Cicerone

CONTACT

417 Bourke Street
Surry Hills, 2010 NSW
Show on map

closed

Opening Hours

SUN 5:30pm - 10:00pm
MON closed
TUE closed
WED 5:30pm - 10:00pm
THU 5:30pm - 10:00pm
FRI 5:30pm - 10:00pm
SAT 5:30pm - 10:00pm

The Details

Cuisine
  • Italian
Need to Know
  • Great for Dates
Serving
  • Dinner
  • Dessert

A plate of fresh pasta being pulled up and mixed.

Tucked into a courtyard on Bourke Street in the former Maybe Frank spot, Cicerone Cucina Romana is the little slice of Roman culture Sydney has been missing.

Though don't expect to encounter the gaudy touristy face of the Eternal City. Instead, co-owner Isabella and head chef and Rome-native Stefano have taken inspiration from the city's vibrant street culture. Its neighbourhood restaurants, street art, and underground music scene are all the muse for Cicerone, and street tags, stickers, and limited-edition artworks by contemporary Roman artists line the walls. 

Served on cool antique plates Isabella has collected from vintage stores, kick-off with an enormous knot of locally-made burrata from Marrickville's Vannella Cheese, or crispy fried calamari and Mazzancolle prawns served with espresso mayo for dipping.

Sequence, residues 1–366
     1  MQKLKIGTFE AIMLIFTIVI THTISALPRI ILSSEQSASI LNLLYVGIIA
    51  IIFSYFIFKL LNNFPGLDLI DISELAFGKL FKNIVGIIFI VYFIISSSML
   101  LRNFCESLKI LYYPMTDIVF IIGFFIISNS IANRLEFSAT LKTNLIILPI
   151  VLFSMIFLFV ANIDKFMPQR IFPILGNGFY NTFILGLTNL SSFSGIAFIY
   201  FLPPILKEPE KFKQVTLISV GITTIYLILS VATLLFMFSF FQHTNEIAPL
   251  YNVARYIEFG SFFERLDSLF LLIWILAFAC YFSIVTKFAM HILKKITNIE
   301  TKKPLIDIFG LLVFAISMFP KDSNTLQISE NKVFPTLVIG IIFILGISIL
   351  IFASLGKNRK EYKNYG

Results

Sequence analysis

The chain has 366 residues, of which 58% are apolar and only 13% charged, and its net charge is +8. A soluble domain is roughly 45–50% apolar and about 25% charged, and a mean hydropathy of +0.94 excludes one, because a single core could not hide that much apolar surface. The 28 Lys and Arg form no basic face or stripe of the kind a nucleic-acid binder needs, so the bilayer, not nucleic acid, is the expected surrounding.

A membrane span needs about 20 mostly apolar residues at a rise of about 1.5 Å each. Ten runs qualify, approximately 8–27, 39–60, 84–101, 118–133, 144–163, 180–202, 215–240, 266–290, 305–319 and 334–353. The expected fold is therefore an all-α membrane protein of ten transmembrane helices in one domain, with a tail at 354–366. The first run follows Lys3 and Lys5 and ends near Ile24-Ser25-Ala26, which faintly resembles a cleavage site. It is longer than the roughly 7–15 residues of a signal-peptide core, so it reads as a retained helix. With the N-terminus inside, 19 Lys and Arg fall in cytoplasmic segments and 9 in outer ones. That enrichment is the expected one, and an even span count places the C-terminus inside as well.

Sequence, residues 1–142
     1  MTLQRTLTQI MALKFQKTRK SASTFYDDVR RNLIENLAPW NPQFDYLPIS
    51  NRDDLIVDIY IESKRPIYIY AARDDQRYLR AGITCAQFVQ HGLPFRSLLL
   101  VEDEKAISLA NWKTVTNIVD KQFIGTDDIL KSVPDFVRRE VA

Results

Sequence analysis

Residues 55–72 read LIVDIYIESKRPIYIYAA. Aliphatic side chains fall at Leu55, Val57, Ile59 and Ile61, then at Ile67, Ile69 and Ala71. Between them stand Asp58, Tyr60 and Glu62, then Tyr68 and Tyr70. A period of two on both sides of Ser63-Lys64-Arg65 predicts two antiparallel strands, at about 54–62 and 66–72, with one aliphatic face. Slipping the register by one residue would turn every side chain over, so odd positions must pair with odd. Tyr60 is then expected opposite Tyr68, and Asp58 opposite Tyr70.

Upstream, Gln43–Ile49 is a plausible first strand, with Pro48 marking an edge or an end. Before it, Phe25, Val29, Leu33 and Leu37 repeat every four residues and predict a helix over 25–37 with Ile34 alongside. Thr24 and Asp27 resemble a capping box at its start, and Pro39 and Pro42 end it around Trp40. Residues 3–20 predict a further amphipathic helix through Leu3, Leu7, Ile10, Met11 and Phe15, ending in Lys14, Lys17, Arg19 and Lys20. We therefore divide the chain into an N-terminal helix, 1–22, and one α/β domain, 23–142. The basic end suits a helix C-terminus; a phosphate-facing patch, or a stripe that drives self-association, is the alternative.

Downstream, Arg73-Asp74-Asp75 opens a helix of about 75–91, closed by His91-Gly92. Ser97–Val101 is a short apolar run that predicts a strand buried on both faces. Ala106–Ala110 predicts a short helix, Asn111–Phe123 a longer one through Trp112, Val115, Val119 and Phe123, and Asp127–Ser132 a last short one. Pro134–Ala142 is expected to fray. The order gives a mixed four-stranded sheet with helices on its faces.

Fresh pasta is a highlight at Cicerone, so you need to follow with the classic tonnarelli carbonara—one of the famous four pastas of Rome—topped with fresh truffle, of course.

Pizzas follow the lighter Roman style, made with 100% semolina flour, meaning you can absolutely fit in an extra slice (or three). The "Finocchiona", with fennel salami, tomato, mozzarella, creamy whole milk ricotta, and basil, and "Diavola", with spicy salami, tomato, mozzarella, honey drizzle, and pecorino are both perfection in pizza form. 

For dessert, it's tiramisu with salted caramel and chocolate chunks, ricotta and chocolate gelato, or a mini crème brûlée topped with pistachio. 

To drink, you'll find a neat list of mostly new-world Italian drops—some supplied by Giorgio de Maria of nearby Paski Vineria Popolare—each perfectly paired with antipasti, pizza, and pasta. There are classic Italian cocktails, as well as Roman riffs and signatures too, like a raspberry Negroni and an Espresso Martini with shaved nutmeg.  

Image credit: Cicerone